Today those crowds on the Mall brought it all back. Throughout the 1990s I commuted to my job, just a couple of blocks from where the Inauguration took place. I ate many a lunch on the Mall benches as the tourists in their fanny packs and pastel knits and the fitness-conscious bureaucrats in running shoes passed in front of me.
My metro stop was L\’Enfant Plaza, named after the French architect who designed the harmonious plan of downtown DC. But there was nothing harmonious about the metro station, either in feeling or design. It was a cavernous place full of stressed-out people.
I was surprised today to hear visitors to DC say what a friendly, smiling city it is. That is certainly not how I experienced it. The metro, though clean and modern, carried sullen crowds, and the sullenness, I am sorry to say, had a racial component. Although I saw no overt incidents, there was nonetheless an unmistakable chill. Unfortunately, the feeling carried into my office, where the support staff was 100% African American, and the professional staff 90% white.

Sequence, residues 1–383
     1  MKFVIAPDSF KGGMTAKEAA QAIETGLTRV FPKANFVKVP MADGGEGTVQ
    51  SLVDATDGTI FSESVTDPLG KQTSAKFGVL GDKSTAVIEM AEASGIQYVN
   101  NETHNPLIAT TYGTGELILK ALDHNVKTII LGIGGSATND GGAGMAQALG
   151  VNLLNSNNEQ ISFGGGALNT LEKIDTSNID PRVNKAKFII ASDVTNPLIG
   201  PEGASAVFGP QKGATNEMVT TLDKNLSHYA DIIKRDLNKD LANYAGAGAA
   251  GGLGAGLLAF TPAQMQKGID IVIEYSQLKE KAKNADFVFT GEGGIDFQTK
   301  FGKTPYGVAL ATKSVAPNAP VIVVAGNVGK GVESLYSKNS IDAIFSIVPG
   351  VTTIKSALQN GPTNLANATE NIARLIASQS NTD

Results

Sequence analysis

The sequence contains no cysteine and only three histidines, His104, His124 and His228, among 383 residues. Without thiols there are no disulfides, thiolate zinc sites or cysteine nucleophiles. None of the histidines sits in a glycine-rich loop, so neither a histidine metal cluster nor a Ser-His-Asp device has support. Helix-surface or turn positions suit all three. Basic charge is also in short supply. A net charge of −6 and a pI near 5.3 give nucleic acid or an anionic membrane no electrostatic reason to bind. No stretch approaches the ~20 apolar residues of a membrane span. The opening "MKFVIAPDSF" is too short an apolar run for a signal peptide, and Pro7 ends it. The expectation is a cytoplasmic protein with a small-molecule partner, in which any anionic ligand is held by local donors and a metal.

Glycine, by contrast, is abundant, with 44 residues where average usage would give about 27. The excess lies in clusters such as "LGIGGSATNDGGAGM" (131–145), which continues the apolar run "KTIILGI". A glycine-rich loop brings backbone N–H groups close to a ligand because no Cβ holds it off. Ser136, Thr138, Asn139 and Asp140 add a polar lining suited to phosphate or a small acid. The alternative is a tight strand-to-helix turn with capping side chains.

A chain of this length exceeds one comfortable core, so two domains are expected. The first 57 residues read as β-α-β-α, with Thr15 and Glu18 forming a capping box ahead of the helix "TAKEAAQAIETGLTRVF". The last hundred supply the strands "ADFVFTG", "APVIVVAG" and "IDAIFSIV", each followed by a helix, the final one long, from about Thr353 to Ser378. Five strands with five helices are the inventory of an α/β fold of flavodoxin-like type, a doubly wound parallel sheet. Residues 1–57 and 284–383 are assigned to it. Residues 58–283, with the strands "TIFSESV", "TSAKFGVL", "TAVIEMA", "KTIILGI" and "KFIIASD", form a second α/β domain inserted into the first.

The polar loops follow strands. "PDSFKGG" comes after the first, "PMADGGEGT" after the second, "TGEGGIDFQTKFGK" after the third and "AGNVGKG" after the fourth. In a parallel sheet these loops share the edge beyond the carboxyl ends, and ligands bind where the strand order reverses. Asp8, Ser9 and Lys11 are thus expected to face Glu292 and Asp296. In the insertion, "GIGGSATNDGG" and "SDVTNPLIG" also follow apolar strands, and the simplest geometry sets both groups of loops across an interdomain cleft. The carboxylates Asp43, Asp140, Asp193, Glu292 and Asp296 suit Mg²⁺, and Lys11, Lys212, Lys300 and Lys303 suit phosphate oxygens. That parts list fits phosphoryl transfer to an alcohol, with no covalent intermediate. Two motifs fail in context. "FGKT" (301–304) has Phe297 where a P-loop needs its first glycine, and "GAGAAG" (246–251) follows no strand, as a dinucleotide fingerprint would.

Maybe it was a failure of leadership. Maybe, despite the frequent baby showers and Christmas parties and bowling events, the professional staff was clumsy in its outreach efforts. Maybe we were naïve. But we never achieved a sense of ease or fellowship with the members of the support staff.
As I watched today\’s inauguration I wondered how much difference it will make in the way people interact on the metro platforms, on the escalators, in the offices. Will Obama\’s serenity and aplomb spill over into the country as a whole, making everyone feel more confident, more gracious in requesting and in answering those requests?
I know that this first Black president will make a difference in the way the US is perceived in the rest of the world. I know that he will make a difference in our foreign policy. He may make a difference in the economy. And I hope he will make a difference in the way people interact on the streets of DC, in the metro, and in the labyrinths of the bureaucracy.